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|Today's Take: NCR's daily Web column|
|Each weekday over the course of a week, a member of the NCR staff offers a commentary on one or more topics in the news. It's our way of introducing you to some of the people carrying out the NCR mission of faith and justice based journalism.|
|May 1, 2003||
Vol. 1, No. 19
There's no place like home
by Patrica Lynn Morrison, managing editor of NCR
To drive, or better, walk along Chicago's Devon and Milwaukee avenues is like a trip through the United Nations. Along Devon Avenue the languages and cultures change almost by the block. Signs in Hebrew are seen, then Chinese, Arabic, Urdu, Swahili, as the muliticultural mosaic unfolds. Along stretches of Milwaukee Avenue, home to the largest Polish community outside Warsaw, the signs in Eastern European restaurants and shops are gradually give way to Spanish, first Mexican and then Central American, as more and more people settle here from Honduras, Guatemala and Nicaragua. It's not uncommon for a sign in Polish announcing an attorney's or doctor's practice to have another propped in the window: Se Habla Español.
Last Spring I was visiting a favorite store on Milwaukee Avenue. As I waited at a corner for the light to change, I couldn't help but notice the colorful group of people clustered there, some waiting for a bus, some just congregating in Old World style to chat. There were Polish women in their babushkas, two raven-haired Latino women with young children in tow, Eastern European Muslim women, and an elderly man in a worn suit jacket. Suddenly, the man was at my side, speaking in plaintive tones in a language I didn't understand. He touched my arm, then started gently stroking my sweater. His eyes were filled with tears.
Just then a young woman appeared at his side. "He's from Turkey," she said. "He thinks you are too." Why would he think that, I asked? "Your sweater. It's a Turkish design, very common in his country." I had never been to Turkey, but I remembered that indeed my pullover had. The sweater was bright and colorful, and on sale. As I always do, I looked at the tag for the country of origin. It was made in Turkey.
The man continued to stroke my sleeve. The young woman continued his story. He had come here a few years ago with his wife, but she had died. He had no more family in America, and he hadn't made any connections with the Turkish community. I -- more accurately, my sweater -- was the closest thing to "home" he'd seen in a long time.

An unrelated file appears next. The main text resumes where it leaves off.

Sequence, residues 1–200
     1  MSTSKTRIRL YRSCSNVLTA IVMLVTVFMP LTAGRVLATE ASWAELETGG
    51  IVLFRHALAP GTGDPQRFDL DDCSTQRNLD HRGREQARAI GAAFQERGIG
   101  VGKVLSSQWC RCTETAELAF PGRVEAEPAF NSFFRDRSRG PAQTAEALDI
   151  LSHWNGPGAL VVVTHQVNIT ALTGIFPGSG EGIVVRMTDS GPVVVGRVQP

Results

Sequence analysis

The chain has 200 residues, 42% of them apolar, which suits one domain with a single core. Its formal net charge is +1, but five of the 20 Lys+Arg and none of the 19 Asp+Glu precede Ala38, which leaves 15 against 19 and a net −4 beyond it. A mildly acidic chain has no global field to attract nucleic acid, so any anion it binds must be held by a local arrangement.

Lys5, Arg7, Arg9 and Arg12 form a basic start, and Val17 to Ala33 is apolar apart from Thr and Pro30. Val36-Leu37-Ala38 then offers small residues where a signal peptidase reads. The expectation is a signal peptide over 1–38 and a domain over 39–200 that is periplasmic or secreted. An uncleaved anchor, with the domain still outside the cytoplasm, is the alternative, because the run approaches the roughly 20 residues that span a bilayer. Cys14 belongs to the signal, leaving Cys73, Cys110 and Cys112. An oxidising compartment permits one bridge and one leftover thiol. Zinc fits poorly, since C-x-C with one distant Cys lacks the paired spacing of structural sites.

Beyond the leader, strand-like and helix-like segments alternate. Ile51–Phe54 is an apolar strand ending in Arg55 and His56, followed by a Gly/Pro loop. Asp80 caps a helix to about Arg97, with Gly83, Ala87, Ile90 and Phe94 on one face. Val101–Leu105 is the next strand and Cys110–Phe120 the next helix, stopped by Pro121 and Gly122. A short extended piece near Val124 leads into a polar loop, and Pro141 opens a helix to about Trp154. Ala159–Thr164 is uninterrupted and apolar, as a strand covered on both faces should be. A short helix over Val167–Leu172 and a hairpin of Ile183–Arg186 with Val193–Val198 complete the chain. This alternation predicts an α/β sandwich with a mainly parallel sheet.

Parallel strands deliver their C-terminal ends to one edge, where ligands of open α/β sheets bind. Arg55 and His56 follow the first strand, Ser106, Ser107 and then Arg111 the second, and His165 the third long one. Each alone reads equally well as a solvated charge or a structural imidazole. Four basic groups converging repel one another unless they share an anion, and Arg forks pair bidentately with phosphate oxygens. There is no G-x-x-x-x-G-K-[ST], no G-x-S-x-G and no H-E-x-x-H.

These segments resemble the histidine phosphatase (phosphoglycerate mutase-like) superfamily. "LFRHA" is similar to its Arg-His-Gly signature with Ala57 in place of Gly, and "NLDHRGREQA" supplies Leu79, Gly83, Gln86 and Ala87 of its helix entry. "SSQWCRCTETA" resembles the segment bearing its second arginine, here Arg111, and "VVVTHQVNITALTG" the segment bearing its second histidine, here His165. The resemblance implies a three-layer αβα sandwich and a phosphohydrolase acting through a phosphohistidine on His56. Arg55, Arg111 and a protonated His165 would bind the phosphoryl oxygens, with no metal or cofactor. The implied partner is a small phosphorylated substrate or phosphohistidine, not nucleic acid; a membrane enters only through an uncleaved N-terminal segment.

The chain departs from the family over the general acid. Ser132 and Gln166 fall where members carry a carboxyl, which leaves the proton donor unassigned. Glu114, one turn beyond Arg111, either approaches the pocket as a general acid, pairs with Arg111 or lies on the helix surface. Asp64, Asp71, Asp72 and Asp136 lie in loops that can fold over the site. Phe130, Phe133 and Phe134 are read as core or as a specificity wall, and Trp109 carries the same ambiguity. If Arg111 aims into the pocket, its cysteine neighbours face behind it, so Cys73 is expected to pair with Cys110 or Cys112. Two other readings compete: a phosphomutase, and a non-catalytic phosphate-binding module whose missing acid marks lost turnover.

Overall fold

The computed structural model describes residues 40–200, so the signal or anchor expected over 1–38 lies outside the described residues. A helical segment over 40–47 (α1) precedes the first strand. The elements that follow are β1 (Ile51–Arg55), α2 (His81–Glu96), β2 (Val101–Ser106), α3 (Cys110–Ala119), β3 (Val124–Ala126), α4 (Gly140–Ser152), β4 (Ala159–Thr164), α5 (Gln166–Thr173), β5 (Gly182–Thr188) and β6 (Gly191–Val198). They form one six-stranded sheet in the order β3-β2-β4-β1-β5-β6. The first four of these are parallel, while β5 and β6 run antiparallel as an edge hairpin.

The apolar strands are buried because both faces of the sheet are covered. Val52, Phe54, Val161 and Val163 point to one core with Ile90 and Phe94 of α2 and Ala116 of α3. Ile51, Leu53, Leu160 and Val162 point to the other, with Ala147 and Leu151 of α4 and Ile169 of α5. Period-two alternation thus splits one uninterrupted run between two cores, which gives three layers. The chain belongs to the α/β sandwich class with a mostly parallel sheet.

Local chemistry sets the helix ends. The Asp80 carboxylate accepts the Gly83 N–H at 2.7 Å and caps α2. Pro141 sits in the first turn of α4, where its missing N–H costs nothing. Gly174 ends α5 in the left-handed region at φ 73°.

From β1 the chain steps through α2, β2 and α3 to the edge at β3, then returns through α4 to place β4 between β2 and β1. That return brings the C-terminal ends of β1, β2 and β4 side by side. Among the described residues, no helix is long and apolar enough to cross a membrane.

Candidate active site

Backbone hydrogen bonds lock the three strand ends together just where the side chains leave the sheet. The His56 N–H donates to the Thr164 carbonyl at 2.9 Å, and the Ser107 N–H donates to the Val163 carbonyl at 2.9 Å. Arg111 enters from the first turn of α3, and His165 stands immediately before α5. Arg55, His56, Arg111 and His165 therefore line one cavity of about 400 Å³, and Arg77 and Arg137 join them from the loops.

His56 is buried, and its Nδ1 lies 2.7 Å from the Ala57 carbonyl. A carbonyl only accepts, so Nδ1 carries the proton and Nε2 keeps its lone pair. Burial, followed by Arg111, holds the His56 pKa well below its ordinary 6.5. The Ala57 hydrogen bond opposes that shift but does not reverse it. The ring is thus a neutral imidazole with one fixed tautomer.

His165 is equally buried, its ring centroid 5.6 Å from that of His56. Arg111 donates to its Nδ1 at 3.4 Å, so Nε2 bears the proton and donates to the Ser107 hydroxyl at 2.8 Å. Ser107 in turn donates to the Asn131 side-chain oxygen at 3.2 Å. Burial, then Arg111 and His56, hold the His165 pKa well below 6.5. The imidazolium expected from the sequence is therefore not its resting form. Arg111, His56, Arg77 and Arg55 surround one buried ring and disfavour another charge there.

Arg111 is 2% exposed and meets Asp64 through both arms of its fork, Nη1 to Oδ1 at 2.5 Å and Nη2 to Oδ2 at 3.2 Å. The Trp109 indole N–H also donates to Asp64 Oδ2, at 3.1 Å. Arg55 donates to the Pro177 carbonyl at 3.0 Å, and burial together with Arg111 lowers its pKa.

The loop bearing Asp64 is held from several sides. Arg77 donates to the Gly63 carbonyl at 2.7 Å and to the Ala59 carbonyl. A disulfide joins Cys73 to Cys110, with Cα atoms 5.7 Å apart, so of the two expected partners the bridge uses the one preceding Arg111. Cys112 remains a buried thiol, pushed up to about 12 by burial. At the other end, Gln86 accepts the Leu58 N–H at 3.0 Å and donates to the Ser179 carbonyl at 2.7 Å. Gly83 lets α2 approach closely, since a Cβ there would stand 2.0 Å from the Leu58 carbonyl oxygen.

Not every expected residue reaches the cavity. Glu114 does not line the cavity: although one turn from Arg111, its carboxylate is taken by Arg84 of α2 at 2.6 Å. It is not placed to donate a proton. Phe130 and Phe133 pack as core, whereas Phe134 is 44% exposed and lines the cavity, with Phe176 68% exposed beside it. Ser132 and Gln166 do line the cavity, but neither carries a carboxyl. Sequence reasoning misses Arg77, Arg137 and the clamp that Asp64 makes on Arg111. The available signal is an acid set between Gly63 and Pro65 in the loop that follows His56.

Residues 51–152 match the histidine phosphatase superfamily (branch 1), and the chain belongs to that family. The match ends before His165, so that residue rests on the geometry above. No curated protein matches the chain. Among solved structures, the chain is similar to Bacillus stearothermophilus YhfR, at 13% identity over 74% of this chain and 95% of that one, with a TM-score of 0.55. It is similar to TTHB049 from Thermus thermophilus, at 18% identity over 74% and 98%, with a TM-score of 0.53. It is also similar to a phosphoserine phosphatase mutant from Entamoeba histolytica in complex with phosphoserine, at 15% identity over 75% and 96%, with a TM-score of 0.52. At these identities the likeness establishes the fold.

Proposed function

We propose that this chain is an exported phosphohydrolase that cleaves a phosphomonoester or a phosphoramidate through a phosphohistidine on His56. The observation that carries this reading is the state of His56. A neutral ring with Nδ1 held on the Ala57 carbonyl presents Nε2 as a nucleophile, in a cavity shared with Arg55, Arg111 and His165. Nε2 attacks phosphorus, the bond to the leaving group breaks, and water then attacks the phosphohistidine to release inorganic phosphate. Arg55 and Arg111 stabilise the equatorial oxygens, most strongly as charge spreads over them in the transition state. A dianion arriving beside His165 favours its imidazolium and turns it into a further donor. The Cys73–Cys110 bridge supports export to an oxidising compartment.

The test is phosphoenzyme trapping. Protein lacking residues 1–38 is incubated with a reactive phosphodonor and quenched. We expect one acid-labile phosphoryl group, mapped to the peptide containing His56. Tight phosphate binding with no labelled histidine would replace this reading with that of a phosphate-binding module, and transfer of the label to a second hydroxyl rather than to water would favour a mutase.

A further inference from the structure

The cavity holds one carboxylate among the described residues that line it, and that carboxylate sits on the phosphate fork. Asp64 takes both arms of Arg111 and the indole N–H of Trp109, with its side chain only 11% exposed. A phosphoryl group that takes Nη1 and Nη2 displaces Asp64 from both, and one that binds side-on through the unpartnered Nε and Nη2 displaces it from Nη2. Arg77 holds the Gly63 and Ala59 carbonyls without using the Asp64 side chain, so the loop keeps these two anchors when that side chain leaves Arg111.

I muttered something about my Turkish sweater being very beautiful as I was sure his country was and that I hoped he would be happy in America. Then, feeling awkward for intruding on his private loneliness, I went on my way.
I often think about the old man and the millions of people like him around the globe. How difficult it must be to be uprooted from your home, from your language, from all that is familiar, and forced to live somewhere else -- even when that somewhere is America, the object of their dreams.
At this writing, according to the United Nations High Command for Refugees, there are approximately 14.5 million refugees or displaced persons on our planet. According to UNHCR, that doesn't include some 3.8 million Palestinians, who are under the mandate of the United Nations Relief and Works agency. That number also doesn't count "asylum seekers, certain groups of internally displaced people, stateless persons and others affected by war and conflict."
For many refugees, fleeing to another nation is a new beginning. For the majority, however, it is just a step further into deep poverty, into a perennial state of disenfranchisement, a limbo state of limited or no rights and never quite "fitting in."
"There's no place like home," declared Dorothy in the Wizard of Oz. Millions of the world's peoples share her sentiment. But in their case, there's no clicking the ruby slippers to magically transport them back -- to bring them home.
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